In recent months, a schism has emerged in feminist thought around issues of “victimhood.” On one side, there is a growing movement of young people who (correctly) understand how myriad forces like rape culture, trauma, and discrimination tear into a person’s, and society’s, well-being and wholeness. On the other side, a growing contingent of (mostly white) feminists — journalists, essayists, and thinkers — is pushing back against prioritizing “wounds” in feminist discourse, particularly when they say such wounds are weaponized and used to shut down discourse. Meghan Daum calls it “grievance culture.” Laura Kipnis calls it “paranoia.” Jessica Crispin calls it “emotional segregation.” And Michelle Goldberg says it’s a “politics of protection.”
The two strains of thought, which both have intellectual validity in my book, clash directly on campuses. For people in the first camp, the fear of being compelled to relive a trauma by confronting uncomfortable content creates the bogeyman of the second camp, the fear of diminishing academic freedom, a capitulation to sensitivity.
One such clash between Camp A and Camp B, at Northwestern, was chronicled by Goldberg this week at The Nation. To distill it: Kipnis, a notable intellectual provocateur (most known for her book Against Love), wrote a piece defending student-professor dating in the Chronicle of Higher Education, and critiquing the culture around trigger warnings and vulnerability she saw on campus. Students (particularly one who thought she was being described in the article) felt betrayed, staged a mattress protest, and petitioned for two things. First: “We call for a swift, official condemnation of the sentiments expressed by Professor Kipnis in her inflammatory article and we demand that in the future, this sort of response comes automatically.” And second, “we renew our demands for increased transparency regarding Northwestern’s handling of sexual assault.”
This latter is a crucial and fair demand, if not one that directly addresses Kipnis’ piece. Yet to me, the former is an extremely rare case in which “politically correct” culture goes too far. Students shouldn’t dictate what professors say on their own time. (Yet even as I say that, I have to note: Kipnis hasn’t actually been punished. She’s been protested, which means she’s been targeted by free speech. So so far, no censorship has occurred, beyond the self-censorship some academics are describing.)
The oddest part of this nationwide debate about triggers and victimhood is how little bearing it has on “the real world.” Although campus anti-rape activism is having a moment in the sun, that media victory hasn’t trickled down to all victims and survivors. Take the latest extremely upsetting headline-grabbing story, reported by the Washington Post last week (if I used trigger warnings, I would preface this link with one). An emotionally and mentally disturbed child was thrown into custody, for years, for reporting being raped:
After Danielle reported the rapes, the police interviewed her in a manner that violated guidelines for handling child sexual assault cases, records and interviews show. They delayed analyzing DNA evidence — and then analyzed only some of it. An officer misled her to get her to contradict her account, and then had her charged her with lying, according to police reports. And many officers treated her with extreme skepticism; in one internal e-mail, a lieutenant called her “promiscuous” and the “sex” consensual. Yet Danielle was just 11 years old, well under the age of consent, which is 16 in the District. The suspects in the police reports obtained by the Bests were described as being in their late teens or early 20s.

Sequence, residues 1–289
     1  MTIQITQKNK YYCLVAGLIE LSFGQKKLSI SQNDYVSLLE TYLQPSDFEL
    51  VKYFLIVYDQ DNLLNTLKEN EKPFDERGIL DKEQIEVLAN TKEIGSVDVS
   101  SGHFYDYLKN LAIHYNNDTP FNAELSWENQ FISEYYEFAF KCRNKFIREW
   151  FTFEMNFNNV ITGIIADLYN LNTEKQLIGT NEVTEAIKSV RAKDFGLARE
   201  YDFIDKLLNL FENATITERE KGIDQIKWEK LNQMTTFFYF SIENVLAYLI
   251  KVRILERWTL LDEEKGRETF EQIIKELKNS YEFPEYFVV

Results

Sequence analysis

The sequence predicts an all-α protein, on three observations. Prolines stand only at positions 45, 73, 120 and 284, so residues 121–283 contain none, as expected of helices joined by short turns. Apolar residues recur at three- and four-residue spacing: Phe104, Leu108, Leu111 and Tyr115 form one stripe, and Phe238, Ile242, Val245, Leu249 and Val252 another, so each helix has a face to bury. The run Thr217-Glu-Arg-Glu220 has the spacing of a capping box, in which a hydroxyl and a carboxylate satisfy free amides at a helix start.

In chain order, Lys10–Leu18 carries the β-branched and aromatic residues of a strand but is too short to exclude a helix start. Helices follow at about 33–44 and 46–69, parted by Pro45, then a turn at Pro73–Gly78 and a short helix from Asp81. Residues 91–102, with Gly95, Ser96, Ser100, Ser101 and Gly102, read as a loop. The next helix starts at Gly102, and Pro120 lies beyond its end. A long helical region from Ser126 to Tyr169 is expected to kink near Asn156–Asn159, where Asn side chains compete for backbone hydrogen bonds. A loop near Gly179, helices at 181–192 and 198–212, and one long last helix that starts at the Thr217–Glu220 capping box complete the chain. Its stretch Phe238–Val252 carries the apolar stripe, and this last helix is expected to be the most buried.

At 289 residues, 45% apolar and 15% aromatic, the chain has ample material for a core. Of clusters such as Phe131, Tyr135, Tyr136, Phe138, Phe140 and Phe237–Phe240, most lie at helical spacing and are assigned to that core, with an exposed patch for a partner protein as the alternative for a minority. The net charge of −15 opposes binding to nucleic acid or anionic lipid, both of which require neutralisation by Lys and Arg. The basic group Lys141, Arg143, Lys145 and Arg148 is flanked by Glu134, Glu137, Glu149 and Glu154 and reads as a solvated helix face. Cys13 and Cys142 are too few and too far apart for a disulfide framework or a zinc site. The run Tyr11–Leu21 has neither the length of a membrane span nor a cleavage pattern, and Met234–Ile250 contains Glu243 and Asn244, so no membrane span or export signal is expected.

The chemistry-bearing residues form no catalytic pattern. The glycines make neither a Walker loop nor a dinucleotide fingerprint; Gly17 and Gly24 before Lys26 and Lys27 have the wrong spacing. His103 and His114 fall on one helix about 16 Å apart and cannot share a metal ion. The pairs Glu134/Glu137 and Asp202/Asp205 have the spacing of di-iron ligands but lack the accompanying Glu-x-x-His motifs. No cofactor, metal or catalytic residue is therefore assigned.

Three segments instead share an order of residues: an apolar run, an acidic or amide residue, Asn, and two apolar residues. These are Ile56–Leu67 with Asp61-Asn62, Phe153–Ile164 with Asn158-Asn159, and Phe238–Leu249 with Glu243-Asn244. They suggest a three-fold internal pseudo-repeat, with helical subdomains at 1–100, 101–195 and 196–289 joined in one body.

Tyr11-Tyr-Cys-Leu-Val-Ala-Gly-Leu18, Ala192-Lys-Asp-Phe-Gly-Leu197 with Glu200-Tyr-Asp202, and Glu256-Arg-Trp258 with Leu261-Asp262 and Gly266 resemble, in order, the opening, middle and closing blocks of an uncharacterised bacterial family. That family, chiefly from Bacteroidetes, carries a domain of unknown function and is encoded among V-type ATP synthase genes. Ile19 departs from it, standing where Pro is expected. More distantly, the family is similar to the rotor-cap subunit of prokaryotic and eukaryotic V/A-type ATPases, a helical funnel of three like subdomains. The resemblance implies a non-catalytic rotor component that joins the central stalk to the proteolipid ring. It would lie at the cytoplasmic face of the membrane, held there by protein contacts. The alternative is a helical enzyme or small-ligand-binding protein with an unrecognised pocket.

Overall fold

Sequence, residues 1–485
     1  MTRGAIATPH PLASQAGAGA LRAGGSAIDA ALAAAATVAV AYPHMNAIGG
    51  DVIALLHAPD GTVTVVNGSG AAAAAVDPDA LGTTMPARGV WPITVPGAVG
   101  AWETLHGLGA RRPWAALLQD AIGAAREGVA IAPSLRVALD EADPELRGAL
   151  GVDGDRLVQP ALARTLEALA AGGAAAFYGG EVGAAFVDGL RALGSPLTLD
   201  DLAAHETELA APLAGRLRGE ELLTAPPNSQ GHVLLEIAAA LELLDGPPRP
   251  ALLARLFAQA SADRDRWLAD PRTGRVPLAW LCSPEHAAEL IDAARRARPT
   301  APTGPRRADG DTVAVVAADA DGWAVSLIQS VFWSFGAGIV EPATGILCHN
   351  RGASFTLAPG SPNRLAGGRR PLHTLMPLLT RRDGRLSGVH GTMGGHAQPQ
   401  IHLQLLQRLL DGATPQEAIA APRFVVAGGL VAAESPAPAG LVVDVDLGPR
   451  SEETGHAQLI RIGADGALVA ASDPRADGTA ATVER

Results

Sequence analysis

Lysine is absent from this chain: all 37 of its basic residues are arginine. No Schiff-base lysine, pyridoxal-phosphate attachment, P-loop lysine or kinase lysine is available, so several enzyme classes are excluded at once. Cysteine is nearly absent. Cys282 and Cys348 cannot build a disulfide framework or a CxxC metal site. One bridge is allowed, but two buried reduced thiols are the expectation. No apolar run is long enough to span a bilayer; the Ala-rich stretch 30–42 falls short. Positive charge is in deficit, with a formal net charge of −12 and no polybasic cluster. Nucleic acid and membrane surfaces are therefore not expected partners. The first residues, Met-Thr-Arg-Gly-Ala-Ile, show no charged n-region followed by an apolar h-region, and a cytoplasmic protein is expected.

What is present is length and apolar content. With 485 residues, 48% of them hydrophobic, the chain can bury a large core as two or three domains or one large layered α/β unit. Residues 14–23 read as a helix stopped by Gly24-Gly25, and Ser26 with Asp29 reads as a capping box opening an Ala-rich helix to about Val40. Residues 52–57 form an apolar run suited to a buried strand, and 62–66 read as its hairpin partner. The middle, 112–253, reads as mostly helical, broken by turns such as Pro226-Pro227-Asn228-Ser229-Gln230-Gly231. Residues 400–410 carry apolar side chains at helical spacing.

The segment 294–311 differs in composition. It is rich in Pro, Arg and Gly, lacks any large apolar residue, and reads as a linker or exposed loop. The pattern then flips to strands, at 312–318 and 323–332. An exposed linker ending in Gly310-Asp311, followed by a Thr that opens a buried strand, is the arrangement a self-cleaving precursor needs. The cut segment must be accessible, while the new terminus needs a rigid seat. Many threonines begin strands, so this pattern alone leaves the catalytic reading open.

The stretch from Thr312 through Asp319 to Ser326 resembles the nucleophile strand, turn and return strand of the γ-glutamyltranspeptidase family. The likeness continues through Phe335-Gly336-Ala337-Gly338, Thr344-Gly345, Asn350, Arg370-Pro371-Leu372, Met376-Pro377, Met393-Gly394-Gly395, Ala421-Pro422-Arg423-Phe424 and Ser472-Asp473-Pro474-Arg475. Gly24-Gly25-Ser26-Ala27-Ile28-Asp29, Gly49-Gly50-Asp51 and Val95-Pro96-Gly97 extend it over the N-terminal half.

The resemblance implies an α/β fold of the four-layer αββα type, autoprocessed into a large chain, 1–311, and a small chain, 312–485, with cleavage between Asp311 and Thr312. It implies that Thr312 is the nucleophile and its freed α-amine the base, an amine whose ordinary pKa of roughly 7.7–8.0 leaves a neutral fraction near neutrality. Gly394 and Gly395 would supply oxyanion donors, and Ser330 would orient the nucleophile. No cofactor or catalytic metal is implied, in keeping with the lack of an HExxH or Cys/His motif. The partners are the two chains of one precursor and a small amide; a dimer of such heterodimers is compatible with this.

This is the world that students come from before they enter college campuses, and re-enter upon graduation. Unfortunately, then, when sexual assault actually happens at school, complainants too often confront indifferent administrators who victim-blame just as the cops in this case did. Thus, students likely feel their chance at a voice — at an institution that vied for their tuition dollars — has been taken from them. It’s not surprising to me that they might find classes, and seemingly insouciant professors, triggering in such an environment.
Nor does it defy my beliefs to imagine that at least a few campus activists deal with this by doing what Goldberg and Kipnis claim they are doing: attempting to turn reminders of their broader powerlessness into a chance to seize a measure of control in the classroom. But whatever motivates students — a perverse need to identify with victimhood or a genuine trauma — smart activism means making a distinction between policies and systems that cause harm, and concepts or content that is upsetting. Each is deserving of a different response; policies are meant to be replaced, while upsetting speech should be countered with better, clearer speech.
Campus isn’t just a place to nurture young people, it’s also a place that is meant to foster the exchange of ideas. As a former student protester and angry college newspaper columnist, I hope students demonstrate as much as they want, write a million editorials expressing their views, and get dangerous fraternities kicked off of campus. But it’s never a wise idea to ally with administrators on restricting acceptable intellectual discourse, as the next outspoken person to be condemned might be you. As Kipnis wrote in an email to me containing her thoughts on the controversy, “the spectacle of students appealing to administrators to make more regulations” is “painful.”
My guess is that many of the Northwestern petitioners will realize this before they turn 30.